Building on previous work, here Asami, Nagata, Yoshioka and colleagues from the Tokyo Medical and Dental University and Ionis Pharmaceuticals investigate new heteroduplex oligonucleotide (HDO) designs for antisense oligonucleotides.
For more information on antisense oligonucleotides please see this webinar by Dr. Robert MacLeod (Ionis Pharmaceuticals)
In the original design (top row in figure), a complementary RNA (coRNA) conjugated to α-tocopherol was hybridized to the DNA antisense oligonucleotide to form a heteroduplex. This HDO showed enhanced therapeutic potency and productive delivery to the liver due to increased association with serum lipoproteins and increased serum stability.
The authors had reasoned that the RNA strand in such a heteroduplex design would be cleaved by endogenous RNase H1 but the cleavage pattern was incongruent with RNase H1. This suggested that other endogenous nucleases could cleave these HDOs, so the authors investigated if the RNA strand of the heteroduplex could be replaced with a DNA strand.
Indeed, tocopherol-conjugated HDOs containing coDNA strands were more efficient at degrading their target mRNAs in mouse liver than their 13 and 16-mer parental ASOs. However, sibling HDOs without tocopherol conjugation did not show such increases.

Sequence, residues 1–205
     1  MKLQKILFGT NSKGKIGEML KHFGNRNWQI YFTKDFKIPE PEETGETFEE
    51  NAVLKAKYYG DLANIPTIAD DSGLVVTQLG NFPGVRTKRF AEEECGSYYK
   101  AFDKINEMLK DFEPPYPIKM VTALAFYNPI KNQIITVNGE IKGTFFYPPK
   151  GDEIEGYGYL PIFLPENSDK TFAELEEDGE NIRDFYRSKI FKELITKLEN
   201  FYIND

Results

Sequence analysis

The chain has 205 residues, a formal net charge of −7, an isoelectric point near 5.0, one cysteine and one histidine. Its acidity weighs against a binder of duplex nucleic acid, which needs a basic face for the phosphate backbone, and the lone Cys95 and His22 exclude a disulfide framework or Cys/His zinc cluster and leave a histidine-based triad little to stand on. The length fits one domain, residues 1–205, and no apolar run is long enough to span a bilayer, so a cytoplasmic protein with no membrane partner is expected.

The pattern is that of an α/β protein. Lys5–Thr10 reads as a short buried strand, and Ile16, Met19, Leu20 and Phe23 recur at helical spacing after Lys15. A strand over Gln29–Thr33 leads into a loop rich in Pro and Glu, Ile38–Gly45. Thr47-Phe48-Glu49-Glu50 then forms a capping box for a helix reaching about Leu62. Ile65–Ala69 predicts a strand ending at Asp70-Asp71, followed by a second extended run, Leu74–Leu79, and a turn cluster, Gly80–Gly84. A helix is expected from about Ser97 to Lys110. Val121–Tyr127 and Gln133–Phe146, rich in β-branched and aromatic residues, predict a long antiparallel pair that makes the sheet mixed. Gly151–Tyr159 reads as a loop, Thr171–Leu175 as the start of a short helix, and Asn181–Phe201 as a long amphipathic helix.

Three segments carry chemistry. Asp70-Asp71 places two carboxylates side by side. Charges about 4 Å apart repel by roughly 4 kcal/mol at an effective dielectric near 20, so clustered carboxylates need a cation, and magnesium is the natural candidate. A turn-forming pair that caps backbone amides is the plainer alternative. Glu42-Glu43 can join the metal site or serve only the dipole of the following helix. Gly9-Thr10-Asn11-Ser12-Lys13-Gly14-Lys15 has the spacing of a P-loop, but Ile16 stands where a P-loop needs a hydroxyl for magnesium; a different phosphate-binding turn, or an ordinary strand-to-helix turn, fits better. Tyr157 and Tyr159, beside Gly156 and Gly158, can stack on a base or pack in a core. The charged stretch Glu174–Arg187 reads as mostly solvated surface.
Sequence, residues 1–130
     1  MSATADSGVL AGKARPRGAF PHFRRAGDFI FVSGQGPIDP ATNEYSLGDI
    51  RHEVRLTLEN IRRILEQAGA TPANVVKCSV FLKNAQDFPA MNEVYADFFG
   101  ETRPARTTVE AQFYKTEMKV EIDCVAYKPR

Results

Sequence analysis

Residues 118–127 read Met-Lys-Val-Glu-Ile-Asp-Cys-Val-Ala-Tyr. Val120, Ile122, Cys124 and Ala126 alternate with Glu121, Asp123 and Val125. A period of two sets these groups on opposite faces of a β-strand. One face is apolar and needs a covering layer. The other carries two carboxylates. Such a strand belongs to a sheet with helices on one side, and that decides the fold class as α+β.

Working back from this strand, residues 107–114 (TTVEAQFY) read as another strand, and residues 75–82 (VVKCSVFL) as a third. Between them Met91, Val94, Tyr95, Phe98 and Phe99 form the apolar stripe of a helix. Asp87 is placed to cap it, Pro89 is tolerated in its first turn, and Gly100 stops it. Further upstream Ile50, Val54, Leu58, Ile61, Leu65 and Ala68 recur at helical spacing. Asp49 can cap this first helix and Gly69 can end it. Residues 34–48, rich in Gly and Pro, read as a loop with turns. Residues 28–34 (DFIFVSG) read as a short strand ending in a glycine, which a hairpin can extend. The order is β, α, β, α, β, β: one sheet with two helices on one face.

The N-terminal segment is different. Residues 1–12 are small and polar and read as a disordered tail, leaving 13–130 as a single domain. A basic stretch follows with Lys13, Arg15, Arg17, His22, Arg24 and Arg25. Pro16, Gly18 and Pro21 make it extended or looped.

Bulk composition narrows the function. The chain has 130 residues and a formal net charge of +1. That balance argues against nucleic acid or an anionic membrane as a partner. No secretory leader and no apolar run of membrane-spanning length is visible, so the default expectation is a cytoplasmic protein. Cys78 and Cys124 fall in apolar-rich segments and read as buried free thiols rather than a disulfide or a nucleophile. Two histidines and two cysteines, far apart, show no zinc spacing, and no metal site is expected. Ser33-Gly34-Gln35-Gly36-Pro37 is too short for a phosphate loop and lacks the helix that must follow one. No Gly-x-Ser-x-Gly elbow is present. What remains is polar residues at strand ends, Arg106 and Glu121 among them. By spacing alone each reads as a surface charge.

Tocopherol-conjugated HDOs with cEt replacing the LNA modifications in the gapmer strand also induced more efficacious knockdown compared to the parental ASO without tocopherol conjugation in vivo. As should be expected, a fully 2´-fluoro modified RNA complementary strand in the HDO led to significantly diminished activity.
Notably, sibling HDOs without tocopherol conjugation showed similar activity to those with the tocopherol conjugation in free uptake studies in primary hepatocytes in contrast what was seen in the in vivo studies. This suggests that tocopherol increases distribution to the liver in vivo. Further optimization of the design determined that coDNAs with three 2´OMe and phosphorothioate modifications at each end were most effective. Although degradation of coDNA strands was significantly faster than coRNA strands, target downregulation remained the same for both designs.
The use of a second strand to protect the gapmer during in vivo delivery is an interesting concept.